Sometimes I head off alone to experience more challenging runs, although Joes boarding skills are improving dramatically and he is keen to do more and more.  I hope too, with the lessons they have recently had, that Liis and Marcos will catch up enough to join us on our expeditions.  They do have one more skill to master before the mountain is truly theirs to explore and that  the skill of riding “Button Lifts” on a snowboard!!!

Thursday, January 14, 2010

quiet times

overnight snow on the terrace
looking east, down the valley

West, up the valley from the dining room window

It struck me yesterday on the lifts and again this morning that I haven’t written for ages.  It feels like weeks and weeks, but is only 10 days.  I can’t recall precisely what I have been doing all the time, there have been some incredibly busy days here when the chalet has been full of guests and others when nothing of note has happened all day.

There is a quietness that descends here at times,  when there is no traffic and no wind, no people about and clattering of ski boots on the road, no chattering of voices or work being done and everything is still.  The valley seems to be suspended in a sort of trance.  Nothing changes in the landscape, the snow on the trees, the empty car park, the hills in the distance stay motionless for hours on end, longer sometimes, for whole days.  The immediate view is in the shade, so not even the shadows of the sun move to break the stillness of the day.  

On clear days there are wonderful views, snowcapped peaks beyond the brasserie next door, rising up out of the shade into glorious, dazzling sunshine, a hint of activity, just a hint, on the mountainside if one studies the tiny line of the lifts, the movement is just about visible and the odd, miniscule dot of a skier, partially obscured, heading down some slope or other.  

In the other direction, a very different view but similarly still and unchanging. An empty carpark, Le Sapiniere, the neighbouring hotel, clinging to the mountainside next to the winding road, a whole bank of fir trees silent and still, weighed down under the weight of snow, on the opposite side of the valley.  The possibility of an occasional car taking the route up to Pla d’Adet and in the distance, snow covered hills and mountain peaks of the southern Pyrenees.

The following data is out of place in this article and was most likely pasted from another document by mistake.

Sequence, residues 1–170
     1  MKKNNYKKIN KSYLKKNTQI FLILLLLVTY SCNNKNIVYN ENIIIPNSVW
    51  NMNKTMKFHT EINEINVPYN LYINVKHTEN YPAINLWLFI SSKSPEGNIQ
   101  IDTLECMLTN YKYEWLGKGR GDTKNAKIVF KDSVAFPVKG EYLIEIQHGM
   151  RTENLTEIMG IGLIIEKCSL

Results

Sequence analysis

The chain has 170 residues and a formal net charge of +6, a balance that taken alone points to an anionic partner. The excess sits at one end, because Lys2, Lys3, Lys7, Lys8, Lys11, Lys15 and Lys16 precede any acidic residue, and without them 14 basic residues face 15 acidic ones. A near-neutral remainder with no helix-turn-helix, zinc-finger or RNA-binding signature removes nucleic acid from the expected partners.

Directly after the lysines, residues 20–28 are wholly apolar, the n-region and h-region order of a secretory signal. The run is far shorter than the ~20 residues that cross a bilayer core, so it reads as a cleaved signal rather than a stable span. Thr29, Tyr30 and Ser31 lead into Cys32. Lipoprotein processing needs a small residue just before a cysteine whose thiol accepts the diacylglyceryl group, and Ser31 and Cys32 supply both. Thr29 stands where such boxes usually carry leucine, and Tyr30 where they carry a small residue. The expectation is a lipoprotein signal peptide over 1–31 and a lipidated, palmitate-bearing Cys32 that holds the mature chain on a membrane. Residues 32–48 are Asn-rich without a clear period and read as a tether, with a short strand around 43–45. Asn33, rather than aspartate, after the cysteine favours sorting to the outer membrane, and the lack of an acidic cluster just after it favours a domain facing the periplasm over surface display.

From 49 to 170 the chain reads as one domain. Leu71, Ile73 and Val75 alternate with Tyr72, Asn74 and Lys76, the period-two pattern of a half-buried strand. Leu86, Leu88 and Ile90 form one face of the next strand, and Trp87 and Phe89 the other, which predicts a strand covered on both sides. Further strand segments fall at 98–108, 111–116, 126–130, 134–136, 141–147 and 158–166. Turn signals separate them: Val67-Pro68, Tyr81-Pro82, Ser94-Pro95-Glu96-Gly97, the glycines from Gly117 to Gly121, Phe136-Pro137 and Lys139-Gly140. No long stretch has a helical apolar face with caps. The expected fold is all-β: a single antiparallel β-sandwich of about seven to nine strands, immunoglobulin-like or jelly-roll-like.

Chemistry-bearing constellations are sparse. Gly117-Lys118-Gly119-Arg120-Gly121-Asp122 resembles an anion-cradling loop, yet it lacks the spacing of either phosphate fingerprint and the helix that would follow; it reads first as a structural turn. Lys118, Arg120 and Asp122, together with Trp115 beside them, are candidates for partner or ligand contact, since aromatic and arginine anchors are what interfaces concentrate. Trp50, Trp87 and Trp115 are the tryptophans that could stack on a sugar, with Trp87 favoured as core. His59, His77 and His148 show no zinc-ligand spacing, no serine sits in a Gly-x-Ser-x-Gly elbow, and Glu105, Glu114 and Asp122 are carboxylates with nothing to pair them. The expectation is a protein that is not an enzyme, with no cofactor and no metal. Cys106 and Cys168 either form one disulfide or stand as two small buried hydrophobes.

Nothing of interest happens outside, nothing of note moves, probably the biggest change to the scene would be the contrail from a tiny plane passing high overhead.  

Indoors, all is quiet too, once the chores are done, we read books in front of the fire, maybe watch a movie, there is no television here, play games, Risk is popular at the moment, chat and drink endless cups of tea.  The peace and tranquility is beautiful and when it all becomes a bit much we go SKIING.

(If you have any spare DVD's of films/documentaries/drama series etc that you no longer want, you could send them here for our enjoyment and entertainment, they would be very much appreciated.  Thanks)

Chalet Lou Rider       Espiaube      Saint Lary Soulain       65170      France

Saturday, January 02, 2010

greener and greener

Someone keeps posting comments on the blog ‘Greener and greener’  and ‘Greener by the day’.  It got me thinking of all the possibilities that these comments may mean:

They could be talking about themselves in an environmentally conscious sort of a way.  Being the modern day ‘Tom and Barbara’ in their house in the lakes, fully equipped with glasshouse, orchard, fields and allotment, I imaging compost bins being built, new methods for conserving energy being introduced and endless packets of vegetable seeds being chosen from glossy catalogues for the coming season.  Jars of bottled produce and conserves lined up in the pantry ready for consumption and muddy wellies in the back porch.  I don’t think that they mean this sort of green.

Maybe they can see the hills and mountains here in the Pyrenees.  Each time a comment comes through the ‘fohn’ wind blows and warm air  blasts up the valleys, chasing the snow to higher ground.  The picturesque landscape turns from Christmas card white to green and a dull dirty grey, drifts of melting snow cling to the sides of the road like grubby shammy leathers and the trickles of mountain streams turn, for a short while, to tumbling torrents, as the thin layer of snow is banished yet again to further up the mountains.  The peaks stay white and frosty but the zero isotherm rises and falls around us here at 1550 meters.  One day the air is filled with the clatter of ski boots on the tarmac with people heading up to the ski station, cars climbing the hill to jostle for parking places in the huge car park opposite, then as the green reappears, the sounds diminish and the guests mill around the chalet, disheartened by the effects of the warmer weather and the lack of decent snow to play on.  Fortunately there have been very few days where there has been no skiing at all and the ‘fohn’ wind soon dissipates allowing the weather that we want and need to return to the valleys.  Or this sort of green.

Perhaps it is another sort of green, maybe green with envy.  It is a possibility.  With both of them enjoying a good bit of skiing.  There is no need, there is a solution.  (You know that you want to do this.)  Check out a cheap flight to Toulouse, Pau or Lourdes, a short train ride to Lannemezan and a bus up to the resort.  Simples.  There are plenty of rooms available midweek through January and anytime in March and early April at the moment.  February is going to be crazy here, french half terms and busy busy busy, so the slopes will be full too and best avoided. Two ski hire shops within a short walk of Chalet Lou Rider and you can even buy a day lift pass at the bar, avoiding the queues in the morning, the mountains are waiting for you.